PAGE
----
Rewarding your gundog properly

Rewarding your gundog properly

Rewards in dog training, contentious for many reasons but they certainly have their place!

I know that there are many opinions on reward based training in the gundog world and everyone is entitled to their opinion of course. Many misunderstand reward based training as treat bribery but if done correctly this is not the case and in addition rewards dont even have to be treats. There is no point trying to force feed your dog a slice of chicken if all it really wants to hear is ‘good boy’ and have a pat on the side for its good work!

This leads me nicely to my point today, hands up if you know what your dog really finds rewarding?

Longhaired Weimaraner puppy playing tug

– You might list some obvious things like chicken, sausage or similar “go to” rewards for us humans
–  Or maybe joke about stealing socks or playing chase!
– Not many will be able to really nail their dogs top 3 favourites, be that food, toys, praise etc

How many of us though can really answer the question with any kind of real confidence?

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Ranking Rewards

Ranking rewards is an invaluable thing to do. It’s simple and ever so effective! You simply make yourself a top 3, 5 or 10 of your dogs’ favourite rewards. I like the top 10 as this gives me a broader overview of what my dog enjoys and more scope for how to use them. I do however have a whiteboard that I use for training and this lists just the top 3. The joy of whiteboards is they can be wiped out, and re-jigged as rewards become more or less favoured over time.

Longhaired Weimaraner standing in the grass

So what prompted this blog now?

Well, I kept a puppy from my last litter but sadly whilst she was just a few months old my old boy became ill and he passed away on New Years day 2019, this meant that those last few months were dedicated to him and our little ones training had to be put to one side, it also fell to the way side for the whole of January whilst I grieved for my boy.

So, come February I pulled my socks up and got out the white board to start training. I ranked my older girls rewards based on past history (to be updated after training) but when it came to my Rosa it looked like this…..

  • Chicken
  • Stealing things
  • Self-rewarding ‘chase me’ games

and that is what brought me to my blog!

So after ranking rewards honestly the tilt was towards games Rosa was making up herself, I have several choices now:

    • I can use those games to my advantage and work them around to create my own games i.e. turning chase Rosa into chase me or I’ve always got the best toy not you
    • I can bear in mind what I am trying to avoid when training i.e. avoid chase games developing or running off with dummies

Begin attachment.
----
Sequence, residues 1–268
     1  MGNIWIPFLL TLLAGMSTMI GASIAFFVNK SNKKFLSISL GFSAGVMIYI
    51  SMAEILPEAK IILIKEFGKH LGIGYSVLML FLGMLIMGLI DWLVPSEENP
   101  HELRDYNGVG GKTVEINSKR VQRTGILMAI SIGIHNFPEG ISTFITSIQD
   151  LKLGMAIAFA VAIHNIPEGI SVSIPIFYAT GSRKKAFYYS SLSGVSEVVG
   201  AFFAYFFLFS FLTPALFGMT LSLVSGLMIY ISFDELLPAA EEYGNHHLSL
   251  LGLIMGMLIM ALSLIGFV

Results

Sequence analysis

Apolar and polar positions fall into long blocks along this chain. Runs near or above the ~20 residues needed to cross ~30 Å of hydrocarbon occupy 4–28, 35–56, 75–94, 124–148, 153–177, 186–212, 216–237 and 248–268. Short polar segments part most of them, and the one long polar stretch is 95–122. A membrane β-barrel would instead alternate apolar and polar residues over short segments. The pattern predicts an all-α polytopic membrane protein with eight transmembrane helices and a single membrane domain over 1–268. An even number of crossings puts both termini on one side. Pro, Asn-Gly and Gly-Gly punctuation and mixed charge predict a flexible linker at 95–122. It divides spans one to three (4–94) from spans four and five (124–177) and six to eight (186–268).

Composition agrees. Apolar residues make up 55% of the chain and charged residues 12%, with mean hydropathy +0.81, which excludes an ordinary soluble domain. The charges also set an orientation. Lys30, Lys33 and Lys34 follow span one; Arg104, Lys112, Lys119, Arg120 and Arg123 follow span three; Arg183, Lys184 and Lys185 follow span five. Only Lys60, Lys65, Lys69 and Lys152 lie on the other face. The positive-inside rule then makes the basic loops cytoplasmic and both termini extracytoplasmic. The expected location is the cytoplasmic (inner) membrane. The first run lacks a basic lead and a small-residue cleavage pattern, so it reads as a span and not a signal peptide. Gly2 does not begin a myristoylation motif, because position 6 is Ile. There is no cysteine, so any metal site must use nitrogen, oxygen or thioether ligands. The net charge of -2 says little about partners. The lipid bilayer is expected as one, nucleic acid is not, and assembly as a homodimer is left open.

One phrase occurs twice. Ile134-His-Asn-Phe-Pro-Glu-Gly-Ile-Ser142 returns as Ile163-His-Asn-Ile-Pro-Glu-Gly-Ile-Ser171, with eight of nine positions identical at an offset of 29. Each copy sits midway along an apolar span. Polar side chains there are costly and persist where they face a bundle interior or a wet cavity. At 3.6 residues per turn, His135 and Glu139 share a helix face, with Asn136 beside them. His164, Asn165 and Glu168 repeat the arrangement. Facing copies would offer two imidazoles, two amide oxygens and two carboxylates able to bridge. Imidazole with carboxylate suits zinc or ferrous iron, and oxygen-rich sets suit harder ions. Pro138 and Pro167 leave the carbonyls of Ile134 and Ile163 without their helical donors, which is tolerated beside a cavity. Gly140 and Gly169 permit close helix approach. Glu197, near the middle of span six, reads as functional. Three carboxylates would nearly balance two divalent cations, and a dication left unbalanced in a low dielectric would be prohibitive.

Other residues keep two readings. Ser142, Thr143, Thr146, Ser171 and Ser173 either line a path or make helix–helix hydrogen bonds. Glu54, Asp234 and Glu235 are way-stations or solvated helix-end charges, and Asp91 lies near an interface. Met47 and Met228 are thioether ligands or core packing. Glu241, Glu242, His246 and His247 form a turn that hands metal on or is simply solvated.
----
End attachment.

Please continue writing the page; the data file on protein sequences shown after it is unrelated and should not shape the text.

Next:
• I can work on upping sensible rewards of food, toys and verbal praise to the top of the chart

Make today the day you start honestly ranking your dogs rewards, get to know what makes them tick and use it to your advantage. None of the 3 main choices listed above are right or wrong you can simply do what works for your dog, think outside the box and challenge yourself when training as well as your dog!

Recent example of thinking outside the box:

    • I went to the local park
    • Upon arrival decided to work on middle child (dog) Faith sitting in car and waiting with door open before releasing.
    • Began training but rewarding her waiting, had short but nice duration but wasn’t solid and her main thoughts were ‘when can I jump out’, you know that little bum twitch every time they think their release cue is coming!

So what next? Time to turn training on its head:

    • I sat her in car, gave her the ‘yes’ release cue but onto a treat in my hand
    • As soon as she reached my hand and took the small treat I started to say ‘quick, quick, quick’ whilst running back towards the open car door and as she reached it I said ‘oopa’ (our word for jump up) and in she jumped, as she was jumping a better treat was thrown in the car for her to grab, which she did happily.
    • Then I asked for the sit
    • We started again and each time she was more excited about getting back in the car and her waits became lovely solid ones as the bigger rewards were happening inside the car not outside the car and in turn she was also enjoying a speedy game which had broken the tension of the session

Longhaired Weimaraner at the park
Longhaired Weimaraner retrieving from water by Debbie Allery
Photo by Debbie Allery and shared with kind permission
Longhaired Weimaraner hunting

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Content Disclaimer

The information contained above is provided for information purposes only. The contents of this article is not intended to amount to advice and you should not rely on any of the contents of this article. Professional advice should be obtained before taking or refraining from taking any action as a result of the contents of this article. Nina Fotara T/as Confident Canine disclaims all liability and responsibility arising from any reliance placed on any of the contents of this article.

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